Wednesday, 7:30 pm EDT July 22, 2020
Journalist DW Gibson will discuss his book 14 Miles: Building the Border Wall, which takes us to the ecosystem surrounding the fourteen completed miles of Trump’s border wall in San Diego County, with writer Luis Alberto Urrea.
In 2017, when the Department of Homeland Security announced an open call for prototypes for Trump’s border wall, DW Gibson, an award-winning journalist and Southern California native, began visiting the construction site and watching as the samples were erected. Gibson spent those two years closely observing the work and interviewing local residents to understand how it was impacting them.
“Page-turning, often tense…mind-expanding…Gibson portrays the varied humanity on both sides with journalistic integrity and readable prose.” —Kirkus Reviews
DW Gibson is the author of the award-winning book The Edge Becomes the Center: An Oral History of Gentrification in the Twenty-First Century and Not Working: People Talk About Losing a Job and Finding Their Way in Today’s Changing Economy. He shared a National Magazine Award for his work on an oral history of Bedford-Stuyvesant, Brooklyn. His work has also appeared in Harper’s, the New York Times, the Washington Post, the Nation, the Village Voice, and the Caravan. Gibson is a contributor to NPR’s “All Things Considered” and a frequent guest host for WNYC programming. He is the author of 14 Miles. Find out more and listen to clips of DW on the radio at DWGibson.net
Luis Alberto Urrea
Luis Alberto Urrea
A finalist for the Pulitzer Prize for his landmark work of nonfiction The Devil’s Highway, Luis Alberto Urrea is also the bestselling author of the novels The Hummingbird’s Daughter, Into the Beautiful North, and Queen of America, as well as the story collection The Water Museum, a PEN/Faulkner Award finalist.
He has won the Lannan Literary Award, an Edgar Award, and a 2017 American Academy of Arts and Letters Award in Literature, among many other honors. Born in Tijuana to a Mexican father and American mother, he lives outside of Chicago and teaches at the University of Illinois-Chicago.
14 Miles: Building the Border Wall
By DW Gibson
Published by Simon & Schuster
In August of 2019, Donald Trump finished building his border wall–at least a portion of it. In San Diego, the Army Corps of engineers completed two years of construction on a 14-mile steel beamed barrier that extends eighteen-feet high and cost a staggering $147 million. As one border patrol agent told reporters visiting the site, “It was funded and approved and it was built under his administration. It is Trump’s wall.” 14 Miles is a definitive account of all the dramatic construction, showing readers what it feels like to stand on both sides of the border looking up at the imposing and controversial barrier.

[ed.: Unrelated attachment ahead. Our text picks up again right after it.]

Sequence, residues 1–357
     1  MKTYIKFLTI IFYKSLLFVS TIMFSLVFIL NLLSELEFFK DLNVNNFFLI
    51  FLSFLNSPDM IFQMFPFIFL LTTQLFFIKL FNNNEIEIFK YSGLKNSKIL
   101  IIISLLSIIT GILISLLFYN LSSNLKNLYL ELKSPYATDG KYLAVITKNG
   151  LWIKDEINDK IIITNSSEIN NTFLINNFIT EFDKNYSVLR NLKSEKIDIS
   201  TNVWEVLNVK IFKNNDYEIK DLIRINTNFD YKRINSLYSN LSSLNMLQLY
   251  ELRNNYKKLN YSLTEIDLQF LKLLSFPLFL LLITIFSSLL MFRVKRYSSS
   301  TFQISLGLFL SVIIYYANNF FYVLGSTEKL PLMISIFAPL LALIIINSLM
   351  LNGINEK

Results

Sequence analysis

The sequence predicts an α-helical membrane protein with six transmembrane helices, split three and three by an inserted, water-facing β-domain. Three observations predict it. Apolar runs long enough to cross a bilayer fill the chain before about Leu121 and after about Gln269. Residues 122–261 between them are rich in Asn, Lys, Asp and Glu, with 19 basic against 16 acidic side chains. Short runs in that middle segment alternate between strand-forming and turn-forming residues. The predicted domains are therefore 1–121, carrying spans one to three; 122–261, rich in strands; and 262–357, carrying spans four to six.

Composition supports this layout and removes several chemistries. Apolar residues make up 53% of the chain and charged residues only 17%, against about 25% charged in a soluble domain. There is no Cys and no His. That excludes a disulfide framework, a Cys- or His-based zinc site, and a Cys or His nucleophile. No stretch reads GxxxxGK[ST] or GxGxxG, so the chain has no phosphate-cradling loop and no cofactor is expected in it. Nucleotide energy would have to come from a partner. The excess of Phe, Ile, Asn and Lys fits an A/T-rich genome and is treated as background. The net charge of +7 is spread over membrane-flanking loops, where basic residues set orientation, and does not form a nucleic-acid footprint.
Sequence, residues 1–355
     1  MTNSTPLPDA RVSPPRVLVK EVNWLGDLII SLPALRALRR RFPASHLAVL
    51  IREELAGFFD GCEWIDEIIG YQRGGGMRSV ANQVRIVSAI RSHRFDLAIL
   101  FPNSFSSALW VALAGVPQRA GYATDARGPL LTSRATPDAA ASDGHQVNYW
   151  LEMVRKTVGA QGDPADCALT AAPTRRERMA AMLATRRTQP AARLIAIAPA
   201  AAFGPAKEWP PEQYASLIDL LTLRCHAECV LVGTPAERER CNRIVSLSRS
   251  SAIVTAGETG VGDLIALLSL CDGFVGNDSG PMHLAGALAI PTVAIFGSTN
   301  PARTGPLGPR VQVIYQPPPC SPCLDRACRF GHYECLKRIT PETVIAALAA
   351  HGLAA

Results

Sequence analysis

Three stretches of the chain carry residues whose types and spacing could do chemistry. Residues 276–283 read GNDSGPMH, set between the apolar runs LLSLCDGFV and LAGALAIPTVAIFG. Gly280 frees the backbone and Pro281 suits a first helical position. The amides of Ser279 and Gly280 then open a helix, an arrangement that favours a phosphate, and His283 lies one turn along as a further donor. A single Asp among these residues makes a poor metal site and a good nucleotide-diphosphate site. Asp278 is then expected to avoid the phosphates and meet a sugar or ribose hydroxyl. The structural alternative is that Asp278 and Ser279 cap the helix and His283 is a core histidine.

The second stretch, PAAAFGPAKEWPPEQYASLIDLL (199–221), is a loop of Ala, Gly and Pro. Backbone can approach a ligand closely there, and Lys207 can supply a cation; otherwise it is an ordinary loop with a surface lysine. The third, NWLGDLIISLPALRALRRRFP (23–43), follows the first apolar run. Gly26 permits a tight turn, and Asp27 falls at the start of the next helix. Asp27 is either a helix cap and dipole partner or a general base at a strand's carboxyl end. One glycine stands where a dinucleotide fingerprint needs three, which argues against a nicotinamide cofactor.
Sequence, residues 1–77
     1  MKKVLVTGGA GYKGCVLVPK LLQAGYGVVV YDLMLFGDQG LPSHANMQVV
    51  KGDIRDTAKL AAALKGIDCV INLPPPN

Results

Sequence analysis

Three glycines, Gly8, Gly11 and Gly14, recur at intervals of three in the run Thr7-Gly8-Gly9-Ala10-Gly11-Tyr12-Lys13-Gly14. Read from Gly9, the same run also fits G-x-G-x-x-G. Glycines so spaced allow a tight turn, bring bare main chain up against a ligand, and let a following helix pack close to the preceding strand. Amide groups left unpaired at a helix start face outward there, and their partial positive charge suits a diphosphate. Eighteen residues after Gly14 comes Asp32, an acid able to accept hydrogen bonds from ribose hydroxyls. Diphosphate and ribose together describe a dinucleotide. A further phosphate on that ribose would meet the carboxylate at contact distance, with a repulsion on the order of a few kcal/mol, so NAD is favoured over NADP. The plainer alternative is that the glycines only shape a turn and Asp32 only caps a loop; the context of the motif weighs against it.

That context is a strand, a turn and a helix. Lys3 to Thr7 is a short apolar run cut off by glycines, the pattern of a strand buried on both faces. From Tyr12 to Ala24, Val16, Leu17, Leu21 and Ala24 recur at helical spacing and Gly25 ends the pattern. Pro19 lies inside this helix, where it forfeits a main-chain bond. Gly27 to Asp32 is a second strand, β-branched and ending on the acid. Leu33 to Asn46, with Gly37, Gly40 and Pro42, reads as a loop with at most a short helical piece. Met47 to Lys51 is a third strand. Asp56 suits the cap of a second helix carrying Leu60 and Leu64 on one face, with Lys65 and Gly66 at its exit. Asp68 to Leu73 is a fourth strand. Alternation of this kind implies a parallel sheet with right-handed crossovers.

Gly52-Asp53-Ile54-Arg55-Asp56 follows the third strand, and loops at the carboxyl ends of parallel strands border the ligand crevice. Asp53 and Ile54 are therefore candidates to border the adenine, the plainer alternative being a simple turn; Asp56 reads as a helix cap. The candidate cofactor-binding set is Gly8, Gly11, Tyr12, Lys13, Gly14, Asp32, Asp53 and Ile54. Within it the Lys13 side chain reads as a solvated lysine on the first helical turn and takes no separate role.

After the Department of Homeland Security announced an open call for wall prototypes in 2017, DW Gibson, an award-winning journalist and Southern California native, began visiting the construction site and watching as the prototype samples were erected. Gibson spent those two years closely observing the work and interviewing local residents to understand how it was impacting them. These include April McKee, a border patrol agent leading a recruiting program that trains teenagers to work as agents; Jeff Schwilk, a retired Marine who organizes pro-wall rallies as head of the group San Diegans for Secure Borders; Roque De La Fuente, an eccentric millionaire developer who uses the construction as a promotional opportunity; and Civile Ephedouard, a Haitian refugee who spent two years migrating through Central America to the United States and anxiously awaits the results of his asylum case.
Fascinating, propulsive, and incredibly timely, 14 Miles is an important work that explains not only how the wall has reshaped our landscape and countless lives but also how its shadow looms over our very identity as a nation.
About this series
Our On America series explores issues important to all Americans as we approach the 2020 election. Who are we? Who are we becoming? How do the stories we tell shape who we are as a nation?
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